On April 21, 2017, ONT Ltd. and Harvard University filed a claim against us in the High Court of England and Wales for infringement of Patent EP(UK) 1 192 453 (the “’453 Patent”), a patent owned by Harvard University and entitled “Molecular and atomic scale evaluation of biopolymers,” and for which ONT Ltd. alleges it holds an exclusive license.  ONT Ltd. and Harvard University sought remedies including injunctive relief, damages, and costs. On April 25, 2017, ONT Ltd. announced that it also had filed a claim against us in the District Court of Mannheim, Germany, for infringement of the German version of the patent.  On November 2, 2017, we filed our statement of defense in the German infringement matter and we also filed a separate nullity action in Germany to establish that the ’453 Patent is invalid.  On December 6, 2017, we filed a cross-complaint in the German infringement matter alleging ONT Ltd.’s infringement in Germany of our ’542 Patent.  The trial date for the German infringement matter and cross-complaint was set for July 27, 2018.  A trial for the UK matter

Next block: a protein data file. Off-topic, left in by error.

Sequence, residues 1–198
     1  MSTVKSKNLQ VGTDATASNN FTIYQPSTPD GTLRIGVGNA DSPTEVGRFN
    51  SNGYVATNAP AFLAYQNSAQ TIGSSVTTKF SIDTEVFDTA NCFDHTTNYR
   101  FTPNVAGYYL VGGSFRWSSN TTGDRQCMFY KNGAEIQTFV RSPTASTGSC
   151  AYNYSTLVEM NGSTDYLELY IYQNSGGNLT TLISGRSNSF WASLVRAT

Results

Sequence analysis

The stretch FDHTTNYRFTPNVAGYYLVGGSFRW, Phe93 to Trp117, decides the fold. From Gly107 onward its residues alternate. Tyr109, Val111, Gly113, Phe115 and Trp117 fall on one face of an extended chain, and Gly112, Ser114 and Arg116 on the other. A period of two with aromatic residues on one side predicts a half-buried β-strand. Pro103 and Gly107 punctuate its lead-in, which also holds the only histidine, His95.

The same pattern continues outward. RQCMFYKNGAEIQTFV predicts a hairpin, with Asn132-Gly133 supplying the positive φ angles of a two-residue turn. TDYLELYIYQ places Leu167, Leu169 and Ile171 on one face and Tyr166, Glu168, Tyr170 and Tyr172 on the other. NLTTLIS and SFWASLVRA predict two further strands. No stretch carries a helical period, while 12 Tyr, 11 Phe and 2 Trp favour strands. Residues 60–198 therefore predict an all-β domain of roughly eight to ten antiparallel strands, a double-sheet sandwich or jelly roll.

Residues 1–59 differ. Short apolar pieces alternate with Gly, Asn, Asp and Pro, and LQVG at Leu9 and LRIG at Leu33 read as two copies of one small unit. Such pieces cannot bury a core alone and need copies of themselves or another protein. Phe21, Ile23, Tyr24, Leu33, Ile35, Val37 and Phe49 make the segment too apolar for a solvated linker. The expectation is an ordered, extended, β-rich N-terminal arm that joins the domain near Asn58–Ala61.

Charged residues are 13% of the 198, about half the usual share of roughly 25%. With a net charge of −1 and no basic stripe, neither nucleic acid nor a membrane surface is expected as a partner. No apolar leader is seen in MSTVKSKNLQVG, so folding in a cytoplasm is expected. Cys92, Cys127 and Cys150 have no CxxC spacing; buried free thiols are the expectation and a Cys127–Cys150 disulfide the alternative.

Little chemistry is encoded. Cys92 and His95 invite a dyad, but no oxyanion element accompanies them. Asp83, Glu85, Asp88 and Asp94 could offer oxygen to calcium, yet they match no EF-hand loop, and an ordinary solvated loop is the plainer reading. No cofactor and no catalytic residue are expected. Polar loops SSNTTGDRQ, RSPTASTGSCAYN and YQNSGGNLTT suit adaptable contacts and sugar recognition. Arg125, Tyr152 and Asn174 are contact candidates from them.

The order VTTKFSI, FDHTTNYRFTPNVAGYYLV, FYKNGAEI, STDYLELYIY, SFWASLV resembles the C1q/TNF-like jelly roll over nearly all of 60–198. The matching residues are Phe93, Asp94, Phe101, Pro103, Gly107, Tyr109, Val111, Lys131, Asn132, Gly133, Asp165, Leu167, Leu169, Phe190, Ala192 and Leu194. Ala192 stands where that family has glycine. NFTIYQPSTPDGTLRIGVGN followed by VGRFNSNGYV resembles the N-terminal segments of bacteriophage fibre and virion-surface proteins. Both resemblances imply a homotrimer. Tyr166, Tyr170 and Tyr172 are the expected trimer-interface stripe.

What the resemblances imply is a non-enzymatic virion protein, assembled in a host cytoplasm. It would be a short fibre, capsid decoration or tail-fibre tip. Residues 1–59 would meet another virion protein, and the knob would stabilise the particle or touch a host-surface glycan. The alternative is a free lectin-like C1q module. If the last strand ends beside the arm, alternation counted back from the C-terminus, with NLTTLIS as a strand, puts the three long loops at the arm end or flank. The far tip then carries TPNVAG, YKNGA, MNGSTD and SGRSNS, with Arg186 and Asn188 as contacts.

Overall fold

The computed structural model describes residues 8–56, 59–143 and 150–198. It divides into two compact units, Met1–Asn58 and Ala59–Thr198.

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was scheduled to occur in March 2019. 

On May 8, 2018, the parties entered a settlement of all UK and German court proceedings pending as of such date. Under the terms of the settlement, ONT agreed not to make, dispose of, use or import any “2D” nanopore sequencing products, or to induce or assist others to carry out a “2D” sequencing process, in the UK or Germany, through the end of 2023. During this time, we agreed not to assert the ’542 Patent and ’904 Patent against either ONT or its customers in the UK or Germany. Accordingly, the High Court of England and Wales entered an order staying our UK action against ONT through the end of 2023. As part of the settlement, ONT and Harvard University dismissed their UK and German actions under the ’453 Patent and agreed not to assert the ’453 Patent against us or our customers through the end of 2023. We correspondingly agreed to dismiss our separate German nullity action seeking to invalidate the ’453 Patent, which expires on June 22, 2020.